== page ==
Winter officially kicks off today. But those wishing to take part in certain winter activities will still have to wait a bit longer—or at least choose their settings wisely—before they can feel completely safe in doing so.
One such example is snowmobiling. Despite some sizable early snowfalls, the Ontario Federation of Snowmobile Clubs is informing the public that only a few trails in the region are actually open at this point.
In many cases, this is because the lakes, rivers, and waterways that support these trails are not yet thick enough to provide snowmobile support, according to OPP constable Marvin Miller. He also encouraged snowmobile riders to be aware of other high-speed vehicles and to form a concrete safety plan in advance.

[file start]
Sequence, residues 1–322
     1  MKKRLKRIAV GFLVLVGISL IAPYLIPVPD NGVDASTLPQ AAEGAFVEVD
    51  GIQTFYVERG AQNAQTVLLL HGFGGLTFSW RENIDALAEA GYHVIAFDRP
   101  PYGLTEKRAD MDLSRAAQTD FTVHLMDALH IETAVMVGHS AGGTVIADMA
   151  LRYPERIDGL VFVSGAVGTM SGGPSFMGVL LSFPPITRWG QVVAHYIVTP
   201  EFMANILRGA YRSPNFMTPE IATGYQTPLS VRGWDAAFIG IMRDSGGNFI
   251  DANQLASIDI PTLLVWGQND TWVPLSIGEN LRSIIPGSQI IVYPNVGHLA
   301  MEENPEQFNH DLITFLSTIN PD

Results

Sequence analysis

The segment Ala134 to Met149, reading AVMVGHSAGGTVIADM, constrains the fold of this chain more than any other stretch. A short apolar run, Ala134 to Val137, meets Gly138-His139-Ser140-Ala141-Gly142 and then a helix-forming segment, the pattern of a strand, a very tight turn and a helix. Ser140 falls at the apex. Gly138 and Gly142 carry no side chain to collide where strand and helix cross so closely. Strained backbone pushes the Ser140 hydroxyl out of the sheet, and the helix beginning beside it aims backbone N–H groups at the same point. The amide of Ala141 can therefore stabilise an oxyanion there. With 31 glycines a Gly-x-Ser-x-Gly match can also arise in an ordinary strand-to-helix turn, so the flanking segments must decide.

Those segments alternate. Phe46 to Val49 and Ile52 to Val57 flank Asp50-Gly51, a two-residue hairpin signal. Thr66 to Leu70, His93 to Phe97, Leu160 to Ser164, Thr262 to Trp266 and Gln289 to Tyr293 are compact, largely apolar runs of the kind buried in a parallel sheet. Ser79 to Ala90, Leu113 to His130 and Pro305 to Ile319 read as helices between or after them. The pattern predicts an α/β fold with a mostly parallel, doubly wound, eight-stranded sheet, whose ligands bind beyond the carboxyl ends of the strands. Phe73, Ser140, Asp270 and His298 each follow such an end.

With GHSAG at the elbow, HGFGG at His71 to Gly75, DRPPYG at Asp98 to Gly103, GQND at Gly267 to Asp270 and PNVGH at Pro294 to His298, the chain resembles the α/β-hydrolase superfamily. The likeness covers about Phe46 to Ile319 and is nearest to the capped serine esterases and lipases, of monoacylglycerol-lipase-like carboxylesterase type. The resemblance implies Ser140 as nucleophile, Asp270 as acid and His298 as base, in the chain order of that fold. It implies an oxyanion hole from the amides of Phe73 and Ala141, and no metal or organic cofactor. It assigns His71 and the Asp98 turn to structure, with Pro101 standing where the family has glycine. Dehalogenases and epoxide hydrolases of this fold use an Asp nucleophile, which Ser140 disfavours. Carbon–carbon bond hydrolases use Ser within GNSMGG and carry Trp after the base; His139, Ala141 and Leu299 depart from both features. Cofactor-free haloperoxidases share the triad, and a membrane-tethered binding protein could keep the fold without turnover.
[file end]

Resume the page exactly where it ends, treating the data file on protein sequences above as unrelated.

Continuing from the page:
"The skidoos nowadays they run quick down the trails. All skidoos will do over 100-miles an hour. So it's hard to get them slowed down," Miller said. "The biggest thing I'm finding that people aren't doing is having a safety plan in effect. Telling people where you're going and what time you should arrive."
While there are many precautions to take in order to snowmobile successfully, it is a pastime that is very much worth the hassle. According to a soon-to-be-published study from the University of Guelph, recreational snowmobiling is an excellent method of helping to maintain both mental and physical conditioning.
When the time is right, that is.